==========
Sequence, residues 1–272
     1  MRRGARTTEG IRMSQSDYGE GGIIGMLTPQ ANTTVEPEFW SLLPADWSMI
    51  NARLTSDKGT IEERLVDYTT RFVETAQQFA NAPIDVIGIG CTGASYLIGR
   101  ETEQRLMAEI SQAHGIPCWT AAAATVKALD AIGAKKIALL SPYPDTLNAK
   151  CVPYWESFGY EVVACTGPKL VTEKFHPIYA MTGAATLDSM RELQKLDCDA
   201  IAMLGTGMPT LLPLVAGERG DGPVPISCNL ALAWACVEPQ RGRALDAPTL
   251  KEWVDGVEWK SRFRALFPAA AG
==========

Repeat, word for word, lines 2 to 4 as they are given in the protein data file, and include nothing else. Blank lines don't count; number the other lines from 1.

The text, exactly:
     1  MRRGARTTEG IRMSQSDYGE GGIIGMLTPQ ANTTVEPEFW SLLPADWSMI
    51  NARLTSDKGT IEERLVDYTT RFVETAQQFA NAPIDVIGIG CTGASYLIGR
   101  ETEQRLMAEI SQAHGIPCWT AAAATVKALD AIGAKKIALL SPYPDTLNAK